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Two six-week summer sessions to be offered

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Two sessions will now be offered for the upcoming 2013 summer semester. Senior Vice President and Assistant Superintendent of Academic and Student Affairs Robert Bell confirmed that the summer term will be twelve weeks long and will be split into two six-week sessions—the first one starting on May 13, and the second on June 24.  

“This will allow for classes to be scheduled that will be either eight weeks or 12 weeks in duration,” Bell said in an e-mail.

The two-session summer semester was initially announced in a flier placed in faculty and staff mailboxes, and in an advertisement published in last week’s issue of the Courier.

This is a stark contrast to what was previously said by President Mark Rocha who initially said that despite the cancellation of winter, there would be no guarantee that there would be a two-session summer semester, or that there would even be classes at all.

“Whether we have the money to fund [summer] is an open question at this point. Will there be classes? We hope,” Rocha said in an interview on August 30.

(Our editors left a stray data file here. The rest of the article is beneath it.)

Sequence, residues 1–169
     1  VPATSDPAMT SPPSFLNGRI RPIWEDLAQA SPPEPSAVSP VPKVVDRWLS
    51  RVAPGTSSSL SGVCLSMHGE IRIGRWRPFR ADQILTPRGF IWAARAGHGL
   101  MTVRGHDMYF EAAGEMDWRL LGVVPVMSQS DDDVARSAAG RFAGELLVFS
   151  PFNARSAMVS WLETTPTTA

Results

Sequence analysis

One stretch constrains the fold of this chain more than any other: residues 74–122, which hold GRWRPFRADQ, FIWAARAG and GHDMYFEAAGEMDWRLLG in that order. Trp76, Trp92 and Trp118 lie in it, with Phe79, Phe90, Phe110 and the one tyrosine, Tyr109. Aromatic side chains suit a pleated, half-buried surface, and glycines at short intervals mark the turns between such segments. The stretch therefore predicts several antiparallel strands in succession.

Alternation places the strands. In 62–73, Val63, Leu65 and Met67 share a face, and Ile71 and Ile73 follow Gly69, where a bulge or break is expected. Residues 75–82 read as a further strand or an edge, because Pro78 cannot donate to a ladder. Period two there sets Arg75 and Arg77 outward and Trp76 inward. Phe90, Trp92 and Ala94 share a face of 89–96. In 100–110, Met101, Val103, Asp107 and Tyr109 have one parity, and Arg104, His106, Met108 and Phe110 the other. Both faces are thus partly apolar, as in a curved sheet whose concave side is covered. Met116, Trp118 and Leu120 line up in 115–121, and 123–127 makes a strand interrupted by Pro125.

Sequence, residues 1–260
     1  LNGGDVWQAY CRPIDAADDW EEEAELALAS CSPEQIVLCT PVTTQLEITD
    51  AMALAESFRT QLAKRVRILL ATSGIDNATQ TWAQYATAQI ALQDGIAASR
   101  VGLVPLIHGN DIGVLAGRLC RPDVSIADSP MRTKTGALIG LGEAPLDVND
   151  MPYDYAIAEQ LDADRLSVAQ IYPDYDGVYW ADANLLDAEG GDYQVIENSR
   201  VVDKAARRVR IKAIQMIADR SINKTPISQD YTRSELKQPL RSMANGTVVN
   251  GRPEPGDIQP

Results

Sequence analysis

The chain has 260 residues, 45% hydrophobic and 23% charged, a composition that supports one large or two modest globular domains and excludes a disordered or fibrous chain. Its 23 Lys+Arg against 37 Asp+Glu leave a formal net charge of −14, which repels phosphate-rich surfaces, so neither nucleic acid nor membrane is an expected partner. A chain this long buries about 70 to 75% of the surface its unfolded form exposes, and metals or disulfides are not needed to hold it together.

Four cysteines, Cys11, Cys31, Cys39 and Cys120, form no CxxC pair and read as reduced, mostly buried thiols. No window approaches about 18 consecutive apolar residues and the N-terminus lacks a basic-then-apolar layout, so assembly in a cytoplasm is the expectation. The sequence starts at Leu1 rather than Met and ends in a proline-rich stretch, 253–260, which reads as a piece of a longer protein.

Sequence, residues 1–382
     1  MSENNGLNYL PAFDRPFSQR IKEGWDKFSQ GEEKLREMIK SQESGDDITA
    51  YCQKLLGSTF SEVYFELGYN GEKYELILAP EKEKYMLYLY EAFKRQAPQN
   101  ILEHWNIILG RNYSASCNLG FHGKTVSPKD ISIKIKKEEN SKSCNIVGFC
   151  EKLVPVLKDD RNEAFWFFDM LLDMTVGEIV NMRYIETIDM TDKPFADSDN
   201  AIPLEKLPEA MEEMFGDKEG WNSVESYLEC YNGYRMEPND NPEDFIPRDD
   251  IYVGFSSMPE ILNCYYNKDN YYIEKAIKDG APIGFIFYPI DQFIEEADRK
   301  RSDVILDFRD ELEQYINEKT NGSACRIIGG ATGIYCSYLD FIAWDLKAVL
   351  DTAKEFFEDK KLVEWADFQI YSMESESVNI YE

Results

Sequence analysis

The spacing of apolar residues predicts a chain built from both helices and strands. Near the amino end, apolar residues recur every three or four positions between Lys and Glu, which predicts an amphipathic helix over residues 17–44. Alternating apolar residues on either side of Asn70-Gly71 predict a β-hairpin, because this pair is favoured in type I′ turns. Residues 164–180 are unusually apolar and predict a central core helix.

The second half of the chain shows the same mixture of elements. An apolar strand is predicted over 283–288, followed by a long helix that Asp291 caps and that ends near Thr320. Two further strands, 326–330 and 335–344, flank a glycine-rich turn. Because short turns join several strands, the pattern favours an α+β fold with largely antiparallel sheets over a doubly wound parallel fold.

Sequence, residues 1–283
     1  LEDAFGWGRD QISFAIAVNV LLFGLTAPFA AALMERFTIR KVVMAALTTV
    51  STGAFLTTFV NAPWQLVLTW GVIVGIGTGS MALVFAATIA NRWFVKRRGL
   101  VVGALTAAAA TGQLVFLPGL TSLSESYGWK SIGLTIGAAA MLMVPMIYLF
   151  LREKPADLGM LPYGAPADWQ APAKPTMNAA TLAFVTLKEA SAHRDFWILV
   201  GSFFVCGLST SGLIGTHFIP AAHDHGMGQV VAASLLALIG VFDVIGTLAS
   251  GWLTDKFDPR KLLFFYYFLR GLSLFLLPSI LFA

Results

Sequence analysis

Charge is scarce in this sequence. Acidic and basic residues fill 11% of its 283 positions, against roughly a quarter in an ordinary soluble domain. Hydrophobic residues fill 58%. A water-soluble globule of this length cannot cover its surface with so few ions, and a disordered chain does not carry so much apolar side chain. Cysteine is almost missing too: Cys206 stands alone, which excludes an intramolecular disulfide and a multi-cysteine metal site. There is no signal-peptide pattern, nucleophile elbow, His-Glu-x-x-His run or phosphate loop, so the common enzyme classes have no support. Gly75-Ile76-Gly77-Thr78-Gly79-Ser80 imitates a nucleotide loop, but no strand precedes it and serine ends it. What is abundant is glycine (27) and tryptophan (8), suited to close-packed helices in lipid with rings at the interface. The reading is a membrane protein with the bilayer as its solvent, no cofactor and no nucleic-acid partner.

Although Bell confirmed that both sessions will indeed have classes, he did supplement the guarantee with the addendum that there will only be two sessions “if it is determined [it] best meets the needs of students.”

Even though the tentative three-semester calendar has been established through the administration, controversy remains over its implemetation.

“There is no guarantee of anything under a tentative calendar,” said Krista Walter, co-chair of the committee that created and submitted the original calendar that included both a winter and summer intersession.

“It is not an official, legal calendar, hence the adjective ‘tentative,’ ” she continued. “This tentative calendar comes directly from Rocha. It has been unilaterally imposed despite heavy student and faculty opposition.”

The first summer session will include a number of specialized instructional periods that look to accommodate those who have most been affected by the elimination of winter. The beginning of the first summer session (summer session I) will have a six-week instructional period that will cater to students who are within 12 units of transferring or graduating.

Additionally, students who planned to work over winter, or had travel plans, will also be accommodated, according to Bell.

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